Ingredients for a new life: how cooking helps refugees and migrants blend in

Conor Lennon/ UN News Trainee chef Roberta Mbiua (2nd right) receives his instructions from culinary director Alexander Harris at Emma’s Torch Restaurant, Brooklyn.

This article is brought to you in association with the United Nations.


On a Friday afternoon, in a small restaurant kitchen in the New York borough of Brooklyn, head chef Alexander Harris is giving instructions to his attentive team, preparing them for the busy evening ahead. So far, the tables are empty, but the small, popular space, with just a handful of tables – and some stools around the bar – will soon be bustling with the evening crowd.

There is nothing unusual about this scene, except that this restaurant, a non-profit enterprise named Emma’s Torch, has a specific mission: to teach refugees, migrants and survivors of human trafficking, new culinary skills, so they can build a better life in the US.

The name of the restaurant tells the story of its mission: it is a reference to the torch held aloft by the Statue of Liberty, and Emma Lazarus, whose 1883 poem, “The New Colossus”, includes the famous lines “Give me your tired, your poor, your huddled masses yearning to breathe free”, was written at a time when new arrivals to the country largely came by boat, to be processed on nearby Ellis Island.

“In Honduras, life was dangerous. You had to be careful of the gangs, and everyone around you”, Jose Lopez, one of the students working in the kitchen at Emma’s Torch told UN News. Unlike some of his colleagues, he already has some experience, having begun working as a cook back home, at the age of 12. Thanks to his apprenticeship, he had a job lined up as a line cook at a catering company, once he graduates from Emma’s Torch. But like many other students, he eventually wants to open his own restaurant, making Honduran specialties such as baleadas, and coconut soup.

Another member of the kitchen staff is Roberto Mbiua, an Angolan who has been in the US since 2017. Mr. Mbiua was forced to flee his home when his life was threatened, after a family member became, in his words, “involved in politics”. Roberto says that, unless the political situation changes in Angola, he will never be able to return to his country of origin. Unlike Mr. Lopez, he had no experience in the kitchen before coming to the restaurant but now, he says, “as long as I’m strong and able to do so, I will have a career as a cook”.

Mr. Harris, who is Emma’s Torch culinary director as well as head chef, has successfully shepherded many students, of all ages and come from different cultural backgrounds and educational levels, through the restaurant’s training programme. “it is my responsibility to find work for as many of them as possible, so I put the emphasis on teaching them the basics, such as the French terms and techniques, things that any professional kitchen would expect from an employee”.

Nevertheless, Mr. Harris enlivens his menu by taking into account the diversity of his staff, taking the classics and infusing them with a wide variety of influences. He calls it “New American” food, cooked by people who are, themselves, new Americans. On the evening UN News visited, they were serving up dishes such as black-eyed pea hummus with tahini, and vegetable tagine, alongside barbecue wings, and crusted fish and grits.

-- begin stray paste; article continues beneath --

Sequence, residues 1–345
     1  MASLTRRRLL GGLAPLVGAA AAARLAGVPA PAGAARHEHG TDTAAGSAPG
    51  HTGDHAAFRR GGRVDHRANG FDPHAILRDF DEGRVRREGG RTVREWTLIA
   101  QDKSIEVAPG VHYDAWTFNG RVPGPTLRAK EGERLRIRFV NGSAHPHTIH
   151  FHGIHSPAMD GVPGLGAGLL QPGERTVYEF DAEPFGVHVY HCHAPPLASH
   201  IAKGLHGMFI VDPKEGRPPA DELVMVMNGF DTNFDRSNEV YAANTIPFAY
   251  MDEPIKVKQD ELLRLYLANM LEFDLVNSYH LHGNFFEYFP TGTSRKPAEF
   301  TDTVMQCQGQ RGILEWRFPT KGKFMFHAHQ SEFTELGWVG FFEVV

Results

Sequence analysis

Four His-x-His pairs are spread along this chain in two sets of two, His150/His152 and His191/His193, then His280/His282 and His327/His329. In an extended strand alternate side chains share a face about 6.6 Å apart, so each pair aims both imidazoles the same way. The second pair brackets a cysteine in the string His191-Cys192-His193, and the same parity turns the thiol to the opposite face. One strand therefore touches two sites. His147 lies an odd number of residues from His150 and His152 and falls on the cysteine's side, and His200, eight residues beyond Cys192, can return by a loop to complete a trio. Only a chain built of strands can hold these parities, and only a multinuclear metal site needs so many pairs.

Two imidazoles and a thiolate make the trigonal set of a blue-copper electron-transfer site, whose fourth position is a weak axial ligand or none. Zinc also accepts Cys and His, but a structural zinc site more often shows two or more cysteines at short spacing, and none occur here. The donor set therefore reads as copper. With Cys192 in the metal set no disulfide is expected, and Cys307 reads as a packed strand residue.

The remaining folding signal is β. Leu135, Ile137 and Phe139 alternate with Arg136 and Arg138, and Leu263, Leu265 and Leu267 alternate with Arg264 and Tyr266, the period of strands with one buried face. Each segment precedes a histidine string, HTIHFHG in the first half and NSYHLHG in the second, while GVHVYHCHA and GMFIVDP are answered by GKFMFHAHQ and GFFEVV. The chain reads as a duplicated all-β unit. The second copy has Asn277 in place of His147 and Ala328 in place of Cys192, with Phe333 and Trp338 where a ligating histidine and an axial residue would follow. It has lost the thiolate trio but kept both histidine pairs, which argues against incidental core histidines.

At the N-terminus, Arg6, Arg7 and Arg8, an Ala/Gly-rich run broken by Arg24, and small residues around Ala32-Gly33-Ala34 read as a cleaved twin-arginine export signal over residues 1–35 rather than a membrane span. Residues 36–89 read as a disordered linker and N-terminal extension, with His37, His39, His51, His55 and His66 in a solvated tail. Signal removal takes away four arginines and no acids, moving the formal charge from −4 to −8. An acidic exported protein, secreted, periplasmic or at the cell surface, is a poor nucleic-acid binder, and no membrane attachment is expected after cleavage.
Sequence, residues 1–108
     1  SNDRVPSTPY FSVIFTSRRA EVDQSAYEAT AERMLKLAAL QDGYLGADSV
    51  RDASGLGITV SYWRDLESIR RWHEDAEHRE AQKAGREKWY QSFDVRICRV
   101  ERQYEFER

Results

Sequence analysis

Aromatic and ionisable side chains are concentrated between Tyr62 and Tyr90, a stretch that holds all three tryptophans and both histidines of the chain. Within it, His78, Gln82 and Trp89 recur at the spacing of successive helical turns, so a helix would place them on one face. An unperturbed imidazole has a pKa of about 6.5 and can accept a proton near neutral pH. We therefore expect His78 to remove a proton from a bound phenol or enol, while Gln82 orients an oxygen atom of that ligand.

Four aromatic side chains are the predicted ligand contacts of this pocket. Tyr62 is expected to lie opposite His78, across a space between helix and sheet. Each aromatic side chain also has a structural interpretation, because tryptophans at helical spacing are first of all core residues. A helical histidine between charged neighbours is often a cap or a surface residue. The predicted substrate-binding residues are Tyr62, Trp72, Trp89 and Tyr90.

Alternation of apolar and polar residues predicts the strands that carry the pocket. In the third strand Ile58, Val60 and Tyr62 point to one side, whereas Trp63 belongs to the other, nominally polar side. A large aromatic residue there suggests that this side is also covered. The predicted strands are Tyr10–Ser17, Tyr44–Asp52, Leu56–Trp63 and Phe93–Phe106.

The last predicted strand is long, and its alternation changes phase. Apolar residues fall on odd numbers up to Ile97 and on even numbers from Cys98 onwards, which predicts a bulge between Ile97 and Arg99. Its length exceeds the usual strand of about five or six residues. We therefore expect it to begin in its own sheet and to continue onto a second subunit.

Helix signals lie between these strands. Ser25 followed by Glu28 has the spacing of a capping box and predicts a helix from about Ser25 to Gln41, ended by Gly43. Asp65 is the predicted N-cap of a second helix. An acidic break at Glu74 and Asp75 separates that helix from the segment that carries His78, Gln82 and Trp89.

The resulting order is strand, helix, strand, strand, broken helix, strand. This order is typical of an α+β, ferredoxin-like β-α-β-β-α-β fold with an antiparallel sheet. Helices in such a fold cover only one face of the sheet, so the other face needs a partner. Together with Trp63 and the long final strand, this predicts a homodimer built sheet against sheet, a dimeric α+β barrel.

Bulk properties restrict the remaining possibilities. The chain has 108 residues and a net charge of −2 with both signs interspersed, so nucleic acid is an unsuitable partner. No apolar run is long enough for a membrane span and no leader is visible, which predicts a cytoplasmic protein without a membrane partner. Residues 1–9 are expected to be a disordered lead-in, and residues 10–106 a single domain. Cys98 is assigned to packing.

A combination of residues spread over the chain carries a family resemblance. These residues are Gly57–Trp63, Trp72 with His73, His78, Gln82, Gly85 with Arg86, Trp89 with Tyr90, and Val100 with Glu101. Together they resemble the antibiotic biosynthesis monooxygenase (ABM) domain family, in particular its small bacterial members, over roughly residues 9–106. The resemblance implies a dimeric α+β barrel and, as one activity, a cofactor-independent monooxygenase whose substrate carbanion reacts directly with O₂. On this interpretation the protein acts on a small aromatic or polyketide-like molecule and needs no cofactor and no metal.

New York’s vibrant food scene, with delicacies from all over the world freely available, owes a lot to its immigrant population. A recent blog post from the International Organization for Migration (IOM) features Omer Eltigani, a migrant and food writer, who explains: “people have migrated all over the world to be here right now, and have created this incredible city, with incredible diversity. New York is a testament to the positive story of migration, and of its goals and potential.”

Omer, whose family are Sudanese, hosts food events in New York and other major cities, where he tells the story of Sudan through food, and uses food as a vehicle for education about the country’s history and culture. Sudanese food, he says, is a story of inbound and outward migration, of people coming into Sudan and leaving their mark, and others taking their culture and food with them when they leave: a “reciprocal arrangement that’s repeated countless times”.

The IOM story shows that many of the local ingredients used by New York’s best chefs are the product of immigration. Norwich Meadows Farm, for example, which supplies world-famous New York restaurants, employs Egyptian farmers to use the country’s techniques and technology to grow exotic vegetables – from sweet Kyoto red carrots, to Jimmy Nardello peppers and husk cherries – that end up as, literally, the flavour of the month, causing lines of hungry diners to form outside establishments across the city.

Food has the power to build cultural connections, and this has been recognized by the Refugee Food Festival, a project supported by the UN refugee agency (UNHCR), which began in Paris in 2016, and has expanded to 14 cities, including New York.

As the so-called “refugee crisis” dominated headlines in Europe –  with large numbers of people heading to the European Union via the Mediterranean Sea, and through southeastern Europe – the founders of the festival decided to use the values of cooking to counter the often negative discourse surrounding refugees and migrants, and change the perceptions of those who leave their homes to start a new life elsewhere.

Restaurants in participating cities open their kitchens to refugee chefs and adapt their menu accordingly during the festival. The 2019 edition saw some famous New York restaurants inviting diners to discover Sri Lankan, Syrian, Iranian and Afghan cuisine.

A UNHCR-funded survey into the impact of the festival has found that some 70 per cent of participants in the festival believe that the festival has led to them thinking more positively about the welcoming of refugees, and more than 90 per cent left with plans to take a more active role in supporting them. As for the refugee chefs, around two- thirds of those who took part in the festival gained access to at least one professional opportunity, such as training, work in a professional kitchen, or opening their own restaurant.